Netherlands Issues Record Fines; Impact on iGaming Legislation to be SeenPublished January 13, 2019 by Lee R
Has the struggle to regulate iGaming in the Netherlands experienced a hitch with record fines levied for 2018?
The Netherlands reports record fines for 2018.
Dutch gambling regulator Authoritativeness (KSA) puts the record figure at €1.7m (£1.5m/$1.9m) for fines in breach of its licence regulations for 2018.
A total of 23 sanctions handed down last year included seven administrative penalties, 12 penalties and four charges of administrative coercion.
Administrative penalties in the Netherlands are issuable without approval of Public Prosecution Service or judges whose penalties issued when offenders do not cease activities identified in violation of regulation during a stated time period of warning; administrative coercion is a measure consisting of KSA ordering specific action of an offender to bring them back in line with the jurisdiction's gambling regulations.
Found in Violation
Of the seven administrative fines, five related to online gaming pinched Betclic Everest Group's Bet-At-Home, Betsson subsidiary Corona, Mr Green operator MRG, CyberRock Entertainment and its Honeydew subsidiary, and William Hill for unauthorized targeting of Dutch players online where online gambling remains prohibited pending a stalled re-regulation bill.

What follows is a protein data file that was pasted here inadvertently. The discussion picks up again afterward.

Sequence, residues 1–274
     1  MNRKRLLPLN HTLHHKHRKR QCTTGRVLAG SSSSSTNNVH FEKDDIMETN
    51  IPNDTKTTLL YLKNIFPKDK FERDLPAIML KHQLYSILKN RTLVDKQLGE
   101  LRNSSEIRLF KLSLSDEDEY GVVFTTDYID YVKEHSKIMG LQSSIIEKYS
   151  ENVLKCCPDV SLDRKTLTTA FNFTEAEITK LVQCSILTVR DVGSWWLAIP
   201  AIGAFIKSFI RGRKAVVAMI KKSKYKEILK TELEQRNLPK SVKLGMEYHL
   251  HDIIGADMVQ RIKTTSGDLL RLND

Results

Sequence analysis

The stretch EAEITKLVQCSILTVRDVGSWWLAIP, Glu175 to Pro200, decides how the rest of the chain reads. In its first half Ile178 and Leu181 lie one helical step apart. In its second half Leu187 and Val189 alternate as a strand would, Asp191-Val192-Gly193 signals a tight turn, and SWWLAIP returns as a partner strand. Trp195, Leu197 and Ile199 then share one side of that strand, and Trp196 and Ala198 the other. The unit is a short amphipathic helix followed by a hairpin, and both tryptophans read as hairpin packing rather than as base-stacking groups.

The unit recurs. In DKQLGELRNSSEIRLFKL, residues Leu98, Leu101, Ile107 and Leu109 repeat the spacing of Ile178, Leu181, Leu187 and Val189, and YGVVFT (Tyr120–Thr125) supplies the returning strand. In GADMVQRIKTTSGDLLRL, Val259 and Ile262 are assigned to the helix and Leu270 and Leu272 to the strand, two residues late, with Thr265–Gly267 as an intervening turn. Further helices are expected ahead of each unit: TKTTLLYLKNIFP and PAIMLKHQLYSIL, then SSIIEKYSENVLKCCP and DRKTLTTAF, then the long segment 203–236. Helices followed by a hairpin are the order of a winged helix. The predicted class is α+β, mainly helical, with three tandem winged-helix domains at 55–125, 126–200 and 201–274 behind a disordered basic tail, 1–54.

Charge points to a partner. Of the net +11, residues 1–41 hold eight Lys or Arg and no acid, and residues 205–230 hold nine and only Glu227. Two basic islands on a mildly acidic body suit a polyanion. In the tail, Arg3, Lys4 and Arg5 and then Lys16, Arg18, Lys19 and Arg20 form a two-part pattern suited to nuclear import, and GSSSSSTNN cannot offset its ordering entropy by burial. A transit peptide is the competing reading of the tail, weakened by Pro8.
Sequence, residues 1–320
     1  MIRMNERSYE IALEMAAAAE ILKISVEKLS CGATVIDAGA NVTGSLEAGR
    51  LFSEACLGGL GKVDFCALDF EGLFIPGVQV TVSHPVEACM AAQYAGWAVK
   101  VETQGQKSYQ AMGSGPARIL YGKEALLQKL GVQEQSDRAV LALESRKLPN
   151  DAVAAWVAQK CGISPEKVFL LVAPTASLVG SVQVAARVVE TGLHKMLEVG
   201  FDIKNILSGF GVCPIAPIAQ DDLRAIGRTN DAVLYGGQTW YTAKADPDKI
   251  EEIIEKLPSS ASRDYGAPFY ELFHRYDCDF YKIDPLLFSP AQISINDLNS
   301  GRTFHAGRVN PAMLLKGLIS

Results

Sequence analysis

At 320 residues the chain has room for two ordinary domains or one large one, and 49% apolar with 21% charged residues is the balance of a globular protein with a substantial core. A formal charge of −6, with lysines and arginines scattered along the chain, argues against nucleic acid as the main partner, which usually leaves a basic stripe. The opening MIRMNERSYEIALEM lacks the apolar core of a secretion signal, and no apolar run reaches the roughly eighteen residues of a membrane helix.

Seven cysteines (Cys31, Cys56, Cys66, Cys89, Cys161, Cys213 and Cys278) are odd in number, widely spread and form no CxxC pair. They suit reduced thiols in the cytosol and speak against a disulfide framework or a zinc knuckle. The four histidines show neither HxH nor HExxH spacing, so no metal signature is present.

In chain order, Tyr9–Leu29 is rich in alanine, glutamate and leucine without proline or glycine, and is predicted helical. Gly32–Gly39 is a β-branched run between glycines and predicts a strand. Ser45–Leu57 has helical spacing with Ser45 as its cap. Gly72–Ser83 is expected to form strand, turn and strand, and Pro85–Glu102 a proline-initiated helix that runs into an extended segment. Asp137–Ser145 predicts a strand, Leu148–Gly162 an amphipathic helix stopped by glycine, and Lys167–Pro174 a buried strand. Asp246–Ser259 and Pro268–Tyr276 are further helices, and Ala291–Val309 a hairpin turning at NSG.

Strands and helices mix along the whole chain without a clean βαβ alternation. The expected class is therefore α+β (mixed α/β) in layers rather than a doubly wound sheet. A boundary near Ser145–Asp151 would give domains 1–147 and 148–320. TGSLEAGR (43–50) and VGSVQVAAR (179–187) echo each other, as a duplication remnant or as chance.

An administrative fine was issued to internet cafe ITC lounge for offering sports betting services, and another issued to an unnamed individual operating two unlicensed slot machines.
Penalties have been on the rise in the Netherlands since 2012, the KSA was established. These new totals for 2018 represent a substantial jump over the €1m plus figure in 2017 and four times the €400,000 of fines issued in 2016.
The KSA further reported the revocation of a total of 37 gaming machine operating licences in 2018 with those penalties resulting in voluntary shutdown and license termination of the targeted holders.
Appealing the Verdicts
William Hill is appealing a €300,000 fine from the KSA after being penalised the bookmaker for offering online games of chance to Dutch consumers on WilliamHill.com website and two mobile applications; while Betsson is appealing a €300,000 fine for offering play to Dutch players via its Corona subsidiary.
Ironically, or contextually, the 1.7 million total still pales in comparison to the UK Gambling Commission’s financial penalty total for 2018 of upwards of £27m in a large iGaming market where online play is legal and fully regulated.
The sense is that the fines will be adjusted after the contests, with a precedent set for deterring and managing violators as a future model for the long awaited Dutch regulation era.